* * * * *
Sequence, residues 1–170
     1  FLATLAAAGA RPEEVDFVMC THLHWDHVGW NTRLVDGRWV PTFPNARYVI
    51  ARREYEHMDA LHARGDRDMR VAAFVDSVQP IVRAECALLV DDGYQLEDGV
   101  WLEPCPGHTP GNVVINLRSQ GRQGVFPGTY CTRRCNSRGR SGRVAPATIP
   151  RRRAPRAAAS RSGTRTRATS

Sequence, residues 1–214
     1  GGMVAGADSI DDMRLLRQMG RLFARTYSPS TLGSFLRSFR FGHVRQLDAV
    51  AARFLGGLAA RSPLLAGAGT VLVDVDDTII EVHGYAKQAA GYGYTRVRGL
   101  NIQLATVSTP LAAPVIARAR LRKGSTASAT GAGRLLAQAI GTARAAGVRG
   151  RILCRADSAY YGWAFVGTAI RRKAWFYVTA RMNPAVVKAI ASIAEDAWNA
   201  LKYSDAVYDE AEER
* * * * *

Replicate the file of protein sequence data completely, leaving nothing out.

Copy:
Sequence, residues 1–170
     1  FLATLAAAGA RPEEVDFVMC THLHWDHVGW NTRLVDGRWV PTFPNARYVI
    51  ARREYEHMDA LHARGDRDMR VAAFVDSVQP IVRAECALLV DDGYQLEDGV
   101  WLEPCPGHTP GNVVINLRSQ GRQGVFPGTY CTRRCNSRGR SGRVAPATIP
   151  RRRAPRAAAS RSGTRTRATS

Sequence, residues 1–214
     1  GGMVAGADSI DDMRLLRQMG RLFARTYSPS TLGSFLRSFR FGHVRQLDAV
    51  AARFLGGLAA RSPLLAGAGT VLVDVDDTII EVHGYAKQAA GYGYTRVRGL
   101  NIQLATVSTP LAAPVIARAR LRKGSTASAT GAGRLLAQAI GTARAAGVRG
   151  RILCRADSAY YGWAFVGTAI RRKAWFYVTA RMNPAVVKAI ASIAEDAWNA
   201  LKYSDAVYDE AEER